Kanye West has said a lot of stupid stuff during his time in the spotlight, but the reason his “Bush doesn’t care about black people” remark resonated so powerfully was because a lot of people shared his frustration over Hurricane Katrina victims being neglected by the administration.
We’ve watched an obstructionist Congress gridlock every political issue into partisan nonsense for the last few years, and accomplish very little in the process. This snail pace politics was most heavily felt when Hurricane Sandy devastated New York and New Jersey last October.
To this day, Republicans are still holding the relief funds hostage as part of their grander budgetary debate, and victims who lost their entire lives are spending the next few hours preparing for another bout of merciless weather.
Natural disasters are unique in the political sphere, in that they are one of the few issues that genuinely cross party lines — or at least they should. Whether it’s wildfires in California, tornadoes in Kansas, hurricanes on the East Coast or crop-killing droughts, the mass displacement and damage done by these acts of God should always be an opportunity for us to display our unity and fortitude as a nation.
Politicians enjoy discussing the role of government — whether it is best to protect American interests by inflating our military might, or support citizens with education and social welfare. But I can’t think of a better example of why society agrees to pay into a taxable support system, then the oversight and aid needed to save us when the worst truly happens.
The Republican stance of believing states and charities will take care of the problem has long been proven ineffective. Red Cross has as big a reputation for bureaucracy and minimalist relief as the governments they claim to circumvent. Massive federal funds for construction, supplies, food, shelter, medicine and workers are essential in stemming the initial and continual damages suffered during a disaster.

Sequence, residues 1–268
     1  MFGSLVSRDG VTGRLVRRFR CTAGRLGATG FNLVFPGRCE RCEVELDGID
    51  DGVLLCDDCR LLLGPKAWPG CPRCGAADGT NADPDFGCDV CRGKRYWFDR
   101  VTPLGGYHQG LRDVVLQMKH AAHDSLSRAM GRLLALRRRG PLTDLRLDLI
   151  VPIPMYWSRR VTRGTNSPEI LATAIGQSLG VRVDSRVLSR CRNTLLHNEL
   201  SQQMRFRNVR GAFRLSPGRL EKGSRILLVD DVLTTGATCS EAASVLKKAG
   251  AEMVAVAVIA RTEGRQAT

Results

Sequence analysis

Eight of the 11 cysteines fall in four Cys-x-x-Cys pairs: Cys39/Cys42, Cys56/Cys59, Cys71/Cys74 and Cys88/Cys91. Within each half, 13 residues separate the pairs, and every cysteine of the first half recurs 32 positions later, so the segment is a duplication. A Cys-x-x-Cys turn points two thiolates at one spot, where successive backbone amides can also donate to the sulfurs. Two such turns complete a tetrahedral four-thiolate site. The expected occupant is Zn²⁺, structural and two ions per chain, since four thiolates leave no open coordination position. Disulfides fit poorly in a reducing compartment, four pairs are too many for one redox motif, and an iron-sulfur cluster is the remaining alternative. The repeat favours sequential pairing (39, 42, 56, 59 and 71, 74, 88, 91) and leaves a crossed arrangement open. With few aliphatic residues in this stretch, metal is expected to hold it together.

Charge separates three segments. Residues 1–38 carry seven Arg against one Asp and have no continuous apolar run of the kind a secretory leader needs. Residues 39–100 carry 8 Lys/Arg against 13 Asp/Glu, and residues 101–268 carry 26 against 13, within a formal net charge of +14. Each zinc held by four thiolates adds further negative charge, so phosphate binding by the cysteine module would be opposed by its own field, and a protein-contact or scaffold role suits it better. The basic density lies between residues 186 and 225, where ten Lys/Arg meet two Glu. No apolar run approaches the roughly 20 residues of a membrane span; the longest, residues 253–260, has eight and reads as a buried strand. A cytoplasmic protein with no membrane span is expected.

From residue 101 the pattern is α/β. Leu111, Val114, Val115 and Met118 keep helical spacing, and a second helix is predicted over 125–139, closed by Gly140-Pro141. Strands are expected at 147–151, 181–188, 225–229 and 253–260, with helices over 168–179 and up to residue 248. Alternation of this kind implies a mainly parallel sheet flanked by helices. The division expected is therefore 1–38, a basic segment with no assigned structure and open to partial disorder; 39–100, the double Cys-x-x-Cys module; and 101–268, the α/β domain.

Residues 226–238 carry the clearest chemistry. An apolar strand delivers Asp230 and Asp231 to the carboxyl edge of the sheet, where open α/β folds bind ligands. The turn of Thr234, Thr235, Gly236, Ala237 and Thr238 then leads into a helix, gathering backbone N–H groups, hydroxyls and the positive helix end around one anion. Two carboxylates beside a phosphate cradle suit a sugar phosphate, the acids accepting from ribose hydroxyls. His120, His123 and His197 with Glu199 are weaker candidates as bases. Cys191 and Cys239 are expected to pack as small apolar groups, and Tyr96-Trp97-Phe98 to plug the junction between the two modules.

As we face the incoming of what is being called a historic storm, I can’t help but wonder if politicians will take the opportunity to prove their worth and role … or if they’ll see it as another chance to point the finger at their "incompetent" opponents across the aisle. For all the talk of what factors strengthen our democracy and economy, none is more important than the safety of our citizenry.
I was in New York for Sandy, when half the island lost power and was in complete blackout. I remember seeing people drenched in flooding waters, running to the NYU hospital to help carry generator fuel up stairs or help the national guard carry injured patients out to evacuating vehicles. We came together, and demonstrated the values our politicians claim to uphold. Those victims in Long Island and New Jersey who’ve had to wait several months, watching congress debate the merits of their relief — which is only now being released in installments — should have our sympathy and outrage.
How callously can the Republicans stick to a doctrine that federal funding for relief should be offset by spending cuts first? How impotent can the Democrats be not to realize this is among the few issues that they should be brutally foaming at the mouth to defend?
The infrastructure and safety of Americans is the paramount foundation on which we build all other ideals. There’s no lobbying group to push this agenda, and the government can’t necessarily win votes by heavily investing recovering people’s lives. It’s just the right thing to do.